A longitudinal study into the interplay between problem orientation and adolescent well-being
Ciarrochi, J., Leeson, P. & Heaven, PC. (2009). A longitudinal study into the interplay between problem orientation and adolescent well-being. Journal of Counseling Psychology,56(3), 441-449. United States of America: American Psychological Association. Retrieved from https://doi.org/10.1037/a0015765
Past research has documented a link between negative problem orientation (NPO) and poor emotional well-being, but little of this research has focused on adolescence or has collected multiple waves of data. The authors conducted a 3-wave longitudinal survey of 841 adolescents in Grades 8, 9, and 10 (428 boys, 411 girls, 2 unidentified). The survey included measures of NPO, sadness, fear, hostility, and joviality. Structural equation modeling (AMOS 7.0; J. L. Arbuckle, 2006) revealed that adolescents high in NPO experienced increases in fear, sadness, and hostility, and decreases in joviality compared with adolescents low in NPO with the same baseline levels of affect. The evidence that affect predicted future levels of problem orientation was less consistent. We discuss the implications of these findings for problem-solving interventions and for the early identification of at-risk adolescents.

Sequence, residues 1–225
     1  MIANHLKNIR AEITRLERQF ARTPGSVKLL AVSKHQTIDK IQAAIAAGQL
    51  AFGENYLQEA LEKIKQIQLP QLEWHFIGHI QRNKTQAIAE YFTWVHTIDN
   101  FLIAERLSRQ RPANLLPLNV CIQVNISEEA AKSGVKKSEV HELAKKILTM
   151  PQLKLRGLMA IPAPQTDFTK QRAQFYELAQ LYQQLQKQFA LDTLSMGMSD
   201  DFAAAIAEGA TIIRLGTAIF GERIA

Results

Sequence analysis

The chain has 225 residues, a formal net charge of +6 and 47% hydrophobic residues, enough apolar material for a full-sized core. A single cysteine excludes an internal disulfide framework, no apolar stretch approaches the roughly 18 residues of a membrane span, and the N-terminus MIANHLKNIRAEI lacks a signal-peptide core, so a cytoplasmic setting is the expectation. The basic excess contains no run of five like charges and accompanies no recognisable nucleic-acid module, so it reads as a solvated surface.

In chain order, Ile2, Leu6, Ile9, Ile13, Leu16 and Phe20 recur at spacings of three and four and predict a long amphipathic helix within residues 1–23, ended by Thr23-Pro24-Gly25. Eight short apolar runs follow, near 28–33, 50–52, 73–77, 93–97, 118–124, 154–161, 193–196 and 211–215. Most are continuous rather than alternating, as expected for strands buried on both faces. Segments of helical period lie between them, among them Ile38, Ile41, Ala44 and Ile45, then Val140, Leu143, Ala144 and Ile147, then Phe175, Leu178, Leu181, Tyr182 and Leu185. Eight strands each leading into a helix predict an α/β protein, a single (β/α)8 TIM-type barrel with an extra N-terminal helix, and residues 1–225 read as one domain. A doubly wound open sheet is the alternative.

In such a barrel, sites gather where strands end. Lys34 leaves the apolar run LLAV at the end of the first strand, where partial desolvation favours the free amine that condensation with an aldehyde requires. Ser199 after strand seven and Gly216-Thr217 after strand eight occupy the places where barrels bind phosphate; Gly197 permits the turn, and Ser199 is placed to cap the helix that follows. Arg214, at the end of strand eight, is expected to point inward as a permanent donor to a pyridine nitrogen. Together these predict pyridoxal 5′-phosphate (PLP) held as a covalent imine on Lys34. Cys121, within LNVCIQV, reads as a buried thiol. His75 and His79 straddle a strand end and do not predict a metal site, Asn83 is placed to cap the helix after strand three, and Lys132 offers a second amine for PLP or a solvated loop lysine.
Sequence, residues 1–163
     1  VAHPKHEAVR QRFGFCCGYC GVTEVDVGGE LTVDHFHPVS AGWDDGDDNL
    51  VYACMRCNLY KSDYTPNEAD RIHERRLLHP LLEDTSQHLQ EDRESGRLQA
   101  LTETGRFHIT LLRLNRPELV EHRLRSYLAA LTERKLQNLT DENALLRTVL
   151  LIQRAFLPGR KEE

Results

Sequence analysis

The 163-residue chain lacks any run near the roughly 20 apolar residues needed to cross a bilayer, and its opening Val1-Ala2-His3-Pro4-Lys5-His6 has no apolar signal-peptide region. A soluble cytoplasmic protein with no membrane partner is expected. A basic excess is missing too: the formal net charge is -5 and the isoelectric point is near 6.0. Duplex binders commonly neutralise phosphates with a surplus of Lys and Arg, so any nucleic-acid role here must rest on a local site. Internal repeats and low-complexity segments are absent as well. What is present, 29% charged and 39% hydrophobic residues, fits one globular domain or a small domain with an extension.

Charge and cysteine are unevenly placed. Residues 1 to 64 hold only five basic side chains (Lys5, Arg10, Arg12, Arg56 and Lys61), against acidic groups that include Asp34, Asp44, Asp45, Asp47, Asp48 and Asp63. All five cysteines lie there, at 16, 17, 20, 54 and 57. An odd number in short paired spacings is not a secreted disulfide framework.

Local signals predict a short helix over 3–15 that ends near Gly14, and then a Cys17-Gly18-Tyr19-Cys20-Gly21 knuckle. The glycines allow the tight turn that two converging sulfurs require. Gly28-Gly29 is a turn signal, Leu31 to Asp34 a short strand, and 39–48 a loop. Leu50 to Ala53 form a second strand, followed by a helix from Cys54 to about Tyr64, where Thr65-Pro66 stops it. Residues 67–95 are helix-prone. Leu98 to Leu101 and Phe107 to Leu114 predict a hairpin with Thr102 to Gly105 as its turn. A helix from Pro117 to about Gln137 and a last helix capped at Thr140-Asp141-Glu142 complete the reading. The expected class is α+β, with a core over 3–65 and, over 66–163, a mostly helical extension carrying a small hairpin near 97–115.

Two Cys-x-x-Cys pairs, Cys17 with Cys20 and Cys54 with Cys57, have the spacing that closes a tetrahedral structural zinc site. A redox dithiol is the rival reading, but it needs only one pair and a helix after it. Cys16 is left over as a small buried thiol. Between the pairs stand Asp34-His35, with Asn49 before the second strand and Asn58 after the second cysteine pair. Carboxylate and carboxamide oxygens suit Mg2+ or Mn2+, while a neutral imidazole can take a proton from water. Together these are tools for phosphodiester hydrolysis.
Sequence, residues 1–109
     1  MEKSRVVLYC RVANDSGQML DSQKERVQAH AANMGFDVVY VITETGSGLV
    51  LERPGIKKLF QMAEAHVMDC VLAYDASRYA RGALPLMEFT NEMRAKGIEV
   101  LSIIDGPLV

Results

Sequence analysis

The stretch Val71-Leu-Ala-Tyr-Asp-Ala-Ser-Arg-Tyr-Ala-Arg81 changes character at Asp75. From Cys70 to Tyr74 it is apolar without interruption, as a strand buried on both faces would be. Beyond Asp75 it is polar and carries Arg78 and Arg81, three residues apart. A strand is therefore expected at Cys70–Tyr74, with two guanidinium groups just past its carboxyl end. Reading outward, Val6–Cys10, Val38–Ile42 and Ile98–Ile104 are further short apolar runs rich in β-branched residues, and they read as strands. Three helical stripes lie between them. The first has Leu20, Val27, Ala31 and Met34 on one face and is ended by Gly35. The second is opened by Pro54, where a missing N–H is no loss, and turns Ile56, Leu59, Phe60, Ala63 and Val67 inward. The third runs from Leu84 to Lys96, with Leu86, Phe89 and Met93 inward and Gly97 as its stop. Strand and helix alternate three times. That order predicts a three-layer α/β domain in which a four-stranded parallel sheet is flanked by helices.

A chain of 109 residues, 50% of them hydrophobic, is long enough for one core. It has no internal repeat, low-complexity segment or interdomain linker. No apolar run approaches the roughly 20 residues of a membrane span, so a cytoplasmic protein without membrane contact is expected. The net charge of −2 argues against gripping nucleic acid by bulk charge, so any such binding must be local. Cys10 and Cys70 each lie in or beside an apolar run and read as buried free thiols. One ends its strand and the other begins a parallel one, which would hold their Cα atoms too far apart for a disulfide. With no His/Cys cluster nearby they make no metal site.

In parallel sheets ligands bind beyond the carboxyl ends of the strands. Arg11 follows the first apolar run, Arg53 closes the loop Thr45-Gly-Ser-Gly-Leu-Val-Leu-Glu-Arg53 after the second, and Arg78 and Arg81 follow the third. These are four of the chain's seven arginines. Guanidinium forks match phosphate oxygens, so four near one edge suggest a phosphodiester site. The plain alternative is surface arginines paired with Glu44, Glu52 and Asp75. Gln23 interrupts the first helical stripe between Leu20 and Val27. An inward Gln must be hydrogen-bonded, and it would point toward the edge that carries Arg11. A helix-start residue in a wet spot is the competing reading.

Institute for Positive Psychology and Education
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